Deadline for our January 2005 issue: December 25.
We wish each and every one of you a safe and healthy holiday season. Consider now what your New Year's Resolution for economic justice action will be, and tell us so that we can share it with other readers. If you are affiliated with a Georgist organization, please tell us what that group's top priorities for 2005 will be, or should be. You can always reach the Georgist News at firstname.lastname@example.org
CONTENTS: (to return here just click the headline)
CGO Administrator Sue Walton offers you these remarks:
Georgist Tony Vickers of Landvaluescape.org has recently been voted onto the UK Association for Geographic Information's governing council. Vickers will take up his appointment in 2005.
Meanwhile, Vickers is inviting your opinion on a specific topic. Here is how he describes the situation:
"Government's role should be to 'let it all happen'. Instead of allowing publicly funded geo-data production agencies to 'play shop', there should be a fundamental review of the way GI (geographic information) is managed in the UK.
"Ironically we need to think less about maps and more about e-government
information if we are to get the data fit for many purposes such as value
At http://www.landvaluescape.org/archives/Rd3Q.doc is the form for you to complete if you want to help develop my Action Plan. Return completed form to me by email before 20 December."
Please help Tony Vickers, particularly if you have any familiarity with mapping, municipal information gathering, or the United Kingdom.
GN Comments: Here is an interesting item found by Ed Dodson of the School of Cooperative Individualism.
Growth Management Acts (GMAs) are used by some states and counties to limit uncontrolled growth that proponents say facilitates "urban sprawl." But in many cases, GMAs are not too effective at controlling growth, and are often influenced by rent-seekers, says Randall G. Holcombe, a professor of economics at Florida State University and Chairman of the Research Advisory Council at the James Madison Institute.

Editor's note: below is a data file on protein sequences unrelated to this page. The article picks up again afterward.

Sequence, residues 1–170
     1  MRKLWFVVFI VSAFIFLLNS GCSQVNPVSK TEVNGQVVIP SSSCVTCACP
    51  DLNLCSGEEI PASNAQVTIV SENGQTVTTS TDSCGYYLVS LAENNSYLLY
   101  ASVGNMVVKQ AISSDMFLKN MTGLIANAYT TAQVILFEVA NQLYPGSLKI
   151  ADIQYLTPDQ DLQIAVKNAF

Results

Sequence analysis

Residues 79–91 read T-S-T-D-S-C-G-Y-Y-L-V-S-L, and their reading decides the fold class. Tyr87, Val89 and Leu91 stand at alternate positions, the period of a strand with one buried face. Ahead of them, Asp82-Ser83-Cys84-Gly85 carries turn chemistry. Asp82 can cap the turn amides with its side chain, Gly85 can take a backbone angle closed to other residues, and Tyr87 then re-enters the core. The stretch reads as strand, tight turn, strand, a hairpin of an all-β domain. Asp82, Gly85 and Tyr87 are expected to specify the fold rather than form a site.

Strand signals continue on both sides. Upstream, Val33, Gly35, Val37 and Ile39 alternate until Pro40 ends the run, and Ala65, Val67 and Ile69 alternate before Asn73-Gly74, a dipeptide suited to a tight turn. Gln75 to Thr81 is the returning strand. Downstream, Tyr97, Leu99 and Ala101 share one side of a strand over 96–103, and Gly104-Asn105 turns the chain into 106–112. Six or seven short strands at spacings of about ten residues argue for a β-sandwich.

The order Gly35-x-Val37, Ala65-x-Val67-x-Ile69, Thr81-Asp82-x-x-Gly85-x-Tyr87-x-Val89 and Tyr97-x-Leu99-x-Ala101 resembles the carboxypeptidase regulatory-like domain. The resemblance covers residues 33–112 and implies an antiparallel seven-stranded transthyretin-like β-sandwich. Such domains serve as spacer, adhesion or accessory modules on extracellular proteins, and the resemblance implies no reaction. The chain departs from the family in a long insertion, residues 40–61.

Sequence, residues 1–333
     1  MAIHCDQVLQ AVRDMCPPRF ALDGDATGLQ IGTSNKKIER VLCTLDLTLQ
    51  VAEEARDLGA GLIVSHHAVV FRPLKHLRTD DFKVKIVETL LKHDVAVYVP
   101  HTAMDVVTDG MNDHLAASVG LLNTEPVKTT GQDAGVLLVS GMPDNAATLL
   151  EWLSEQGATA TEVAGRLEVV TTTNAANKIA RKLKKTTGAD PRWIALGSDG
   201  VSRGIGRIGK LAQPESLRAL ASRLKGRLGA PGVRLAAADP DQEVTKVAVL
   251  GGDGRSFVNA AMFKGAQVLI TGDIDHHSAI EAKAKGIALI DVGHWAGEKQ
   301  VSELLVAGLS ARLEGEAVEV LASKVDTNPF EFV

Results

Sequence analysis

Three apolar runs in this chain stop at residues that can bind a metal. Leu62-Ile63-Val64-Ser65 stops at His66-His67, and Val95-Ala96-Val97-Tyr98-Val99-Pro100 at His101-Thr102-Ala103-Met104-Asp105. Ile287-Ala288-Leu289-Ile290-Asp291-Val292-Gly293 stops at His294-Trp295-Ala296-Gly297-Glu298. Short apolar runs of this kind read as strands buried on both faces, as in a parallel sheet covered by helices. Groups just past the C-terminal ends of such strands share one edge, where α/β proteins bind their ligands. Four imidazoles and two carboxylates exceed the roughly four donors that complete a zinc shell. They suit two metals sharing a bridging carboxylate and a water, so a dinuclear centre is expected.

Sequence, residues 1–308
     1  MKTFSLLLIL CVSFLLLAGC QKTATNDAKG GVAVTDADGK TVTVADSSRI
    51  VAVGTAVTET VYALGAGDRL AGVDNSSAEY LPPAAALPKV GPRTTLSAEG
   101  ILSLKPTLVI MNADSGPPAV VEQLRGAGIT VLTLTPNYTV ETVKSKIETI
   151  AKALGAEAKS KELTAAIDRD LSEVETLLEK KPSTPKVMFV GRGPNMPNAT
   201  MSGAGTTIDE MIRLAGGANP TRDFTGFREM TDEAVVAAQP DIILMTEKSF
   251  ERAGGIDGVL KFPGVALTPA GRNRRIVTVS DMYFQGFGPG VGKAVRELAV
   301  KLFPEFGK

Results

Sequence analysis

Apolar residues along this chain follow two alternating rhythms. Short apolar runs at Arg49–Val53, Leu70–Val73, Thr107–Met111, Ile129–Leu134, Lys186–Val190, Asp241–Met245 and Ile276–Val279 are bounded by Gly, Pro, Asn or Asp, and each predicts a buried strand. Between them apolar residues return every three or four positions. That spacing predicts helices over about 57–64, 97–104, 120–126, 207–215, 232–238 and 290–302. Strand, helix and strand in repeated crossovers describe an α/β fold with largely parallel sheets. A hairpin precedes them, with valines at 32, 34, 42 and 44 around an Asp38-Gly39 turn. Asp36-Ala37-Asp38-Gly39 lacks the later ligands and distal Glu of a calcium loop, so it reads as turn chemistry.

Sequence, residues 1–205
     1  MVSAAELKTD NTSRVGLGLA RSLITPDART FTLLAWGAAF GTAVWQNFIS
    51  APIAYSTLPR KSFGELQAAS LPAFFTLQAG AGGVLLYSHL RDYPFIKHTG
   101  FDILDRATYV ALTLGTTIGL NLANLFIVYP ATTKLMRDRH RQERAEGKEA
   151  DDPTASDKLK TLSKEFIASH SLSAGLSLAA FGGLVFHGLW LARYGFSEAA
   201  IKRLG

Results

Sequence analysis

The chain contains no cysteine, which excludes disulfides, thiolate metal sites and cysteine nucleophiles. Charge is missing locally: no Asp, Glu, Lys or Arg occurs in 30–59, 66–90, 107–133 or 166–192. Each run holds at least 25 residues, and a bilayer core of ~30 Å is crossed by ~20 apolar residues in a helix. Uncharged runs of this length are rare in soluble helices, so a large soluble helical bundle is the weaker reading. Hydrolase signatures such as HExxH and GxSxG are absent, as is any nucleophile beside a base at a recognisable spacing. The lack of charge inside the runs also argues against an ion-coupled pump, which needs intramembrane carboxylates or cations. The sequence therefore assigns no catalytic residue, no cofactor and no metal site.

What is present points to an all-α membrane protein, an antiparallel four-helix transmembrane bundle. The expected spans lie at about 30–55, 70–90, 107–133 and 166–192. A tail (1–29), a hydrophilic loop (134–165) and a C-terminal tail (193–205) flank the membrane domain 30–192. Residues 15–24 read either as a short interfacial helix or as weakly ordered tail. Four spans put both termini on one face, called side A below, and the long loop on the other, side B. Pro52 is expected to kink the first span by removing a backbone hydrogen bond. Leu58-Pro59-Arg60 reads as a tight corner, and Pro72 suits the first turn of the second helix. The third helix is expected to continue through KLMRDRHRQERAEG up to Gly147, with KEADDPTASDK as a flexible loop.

While Oregon has had moderate success with their GMA, Florida has been quite another story. The state passed a GMA in 1985 which was designed to work like the GMA that was passed in Oregon in 1973, but according to observers has fallen short of its intended goals, says Holcombe:
Despite the relative ineffectiveness of Florida's Growth Management Act, the plan has imposed higher costs on developers, made housing less affordable for consumers and created incentives for economic development to go outside of the state to less restrictive areas, says Holcombe.
Source: Randall G. Holcombe, "Why Has Florida's Growth Management Act Been Ineffective," James Madison Institute, Spring/Summer 2004.
by Lindy Davies, Program Director
To find out more, email email@example.com
Jeffery Smith of the Forum on Geonomics seeks your help. Here's his message:
Beneath each one is the footer: www.geonomics.org
Well, can you help? Many thanks for your consideration. Send your reactions to firstname.lastname@example.org
GN Comments: Of course you know that the 2005 CGO conference will be in Philadelphia, Pennsylvania. Advance planners are already thinking about the 2006 conference, to be held in Chicago, Illinois. Here are some notes from Scott Walton:
The initial planning meeting for the 2006 conference will be held in January, 2005. We'd like your input as to what kinds of things you'd like to see and do in Chicago. The local hosts are considering the possibility of an optional (extra cost) elevated train tour version of the famous Economist Bus Tour of Chicago, to be held on the last day of the conference. Since this tour would take a lot of time to organize, please contact Scott Walton (email@example.com) or Chuck Metalitz (firstname.lastname@example.org), if you would be interested in such a tour. Add any other ideas and suggestions that you might have.
The Council of Georgist Organizations member directory has been updated. You can browse the listing online at:
Do you notice any mistakes? Please send any adjustments or corrections to Lindy Davies at email@example.com as soon as possible, before the printed version of this directory is created. We want all your information to be perfect.
GN Comments: The leading "place your old junk up for auction" web site, eBay, featured an unusual item recently - the City of Philadelphia's "Business Privilege" Tax. Some wise guys at the group Philadelphia Forward, which supports land value taxation and other smart measures to help the decaying city revitalize its economy, took it upon themselves to place this tax up for auction.
For more information, see Philadelphia Forward's web site at http://www.philadelphiaforward.com/
During the seven-day offering period, no one made a bid. Not even the Philadelphia politicians who oppose tax reform and embrace the outdated business privilege tax.